Presenting the past: authenticity and authority in Athens: The Truth about Democracy (Lion TV, 2007)

Hobden, Fiona (2013). Presenting the past: authenticity and authority in Athens: The Truth about Democracy (Lion TV, 2007). Classical Receptions Journal, 5(1) pp. 1–37.

DOI: https://doi.org/10.1093/crj/cls006

Abstract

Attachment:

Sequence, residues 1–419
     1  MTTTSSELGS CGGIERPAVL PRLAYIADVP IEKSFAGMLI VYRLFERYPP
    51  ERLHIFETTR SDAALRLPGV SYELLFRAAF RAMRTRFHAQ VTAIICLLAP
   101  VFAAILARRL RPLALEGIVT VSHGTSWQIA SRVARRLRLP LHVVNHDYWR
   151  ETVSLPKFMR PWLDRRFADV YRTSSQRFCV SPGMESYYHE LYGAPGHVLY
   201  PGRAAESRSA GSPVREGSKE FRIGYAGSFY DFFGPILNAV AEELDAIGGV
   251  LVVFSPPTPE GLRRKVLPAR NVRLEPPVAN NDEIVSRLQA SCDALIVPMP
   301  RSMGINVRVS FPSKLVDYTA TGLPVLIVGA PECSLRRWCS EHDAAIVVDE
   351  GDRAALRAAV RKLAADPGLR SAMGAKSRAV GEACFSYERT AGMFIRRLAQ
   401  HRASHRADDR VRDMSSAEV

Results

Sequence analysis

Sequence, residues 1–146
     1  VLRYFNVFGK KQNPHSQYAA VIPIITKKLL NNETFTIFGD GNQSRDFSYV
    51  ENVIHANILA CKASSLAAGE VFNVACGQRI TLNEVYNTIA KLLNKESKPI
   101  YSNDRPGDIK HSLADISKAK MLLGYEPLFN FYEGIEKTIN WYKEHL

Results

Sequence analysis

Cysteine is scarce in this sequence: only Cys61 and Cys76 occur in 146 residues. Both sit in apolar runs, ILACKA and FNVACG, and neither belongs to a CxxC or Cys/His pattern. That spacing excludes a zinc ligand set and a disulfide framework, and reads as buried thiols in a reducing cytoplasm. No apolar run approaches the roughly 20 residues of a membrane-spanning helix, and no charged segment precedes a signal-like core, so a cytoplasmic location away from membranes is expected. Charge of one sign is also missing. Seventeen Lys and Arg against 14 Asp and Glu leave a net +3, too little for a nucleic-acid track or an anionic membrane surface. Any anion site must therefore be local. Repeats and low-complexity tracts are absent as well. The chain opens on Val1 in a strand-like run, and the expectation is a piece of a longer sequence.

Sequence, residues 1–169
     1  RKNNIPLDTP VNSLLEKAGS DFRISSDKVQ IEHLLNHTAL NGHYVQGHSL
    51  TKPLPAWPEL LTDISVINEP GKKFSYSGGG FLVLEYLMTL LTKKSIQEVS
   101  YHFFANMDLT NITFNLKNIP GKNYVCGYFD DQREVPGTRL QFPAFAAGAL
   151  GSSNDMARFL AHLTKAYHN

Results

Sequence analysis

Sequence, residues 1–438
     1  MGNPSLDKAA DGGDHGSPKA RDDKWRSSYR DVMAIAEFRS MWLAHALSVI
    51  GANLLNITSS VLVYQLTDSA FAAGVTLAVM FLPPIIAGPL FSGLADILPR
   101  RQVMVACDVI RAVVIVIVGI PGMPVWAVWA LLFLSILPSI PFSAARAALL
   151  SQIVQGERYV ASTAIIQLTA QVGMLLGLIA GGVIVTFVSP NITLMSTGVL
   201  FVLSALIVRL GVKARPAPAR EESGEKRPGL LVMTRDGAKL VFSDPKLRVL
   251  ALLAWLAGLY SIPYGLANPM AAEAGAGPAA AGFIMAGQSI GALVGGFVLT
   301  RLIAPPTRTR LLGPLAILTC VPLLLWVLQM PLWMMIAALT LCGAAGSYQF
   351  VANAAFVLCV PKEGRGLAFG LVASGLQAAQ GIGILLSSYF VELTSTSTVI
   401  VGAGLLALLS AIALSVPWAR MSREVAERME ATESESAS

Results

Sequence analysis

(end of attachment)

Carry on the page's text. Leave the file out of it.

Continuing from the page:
This article examines receptions of antiquity in television documentary, focusing particularly on the use of archaeological sites and artefacts to generate authenticity and authority in Athens: The Truth about Democracy (Lion TV, 2007). In this programme, the ‘archaeological aesthetic’ affords distinctive opportunities to imagine and recreate past events and experiences through the present-day remains, and present-day reconstructions, of ancient Athens. It facilitates the programme’s titular truth-claim by collapsing the distance between the modern and ancient city of Athens, utilising excavated sites to launch emotive engagements with the past, and supporting its historical narratives through monuments and artefacts. Such warranting draws ancient Athens into the present to produce an archaeologically authorized depiction of its democratic culture that is visually and emotionally authentic. Other recent programmes reveal some broader operations of the archaeological aesthetic in the generation of authority. However, through its particular engagements with Athens’ archaeological heritage Athens meets popular expectations for history that is personally relevant, as well as television’s emotional demands. My study thus demonstrates the centrality of the archaeological aesthetic to documentary representations of antiquity, as a stylistic device and creative rhetorical strategy, and highlights the place of ancient world documentary within popular history, especially history on television.

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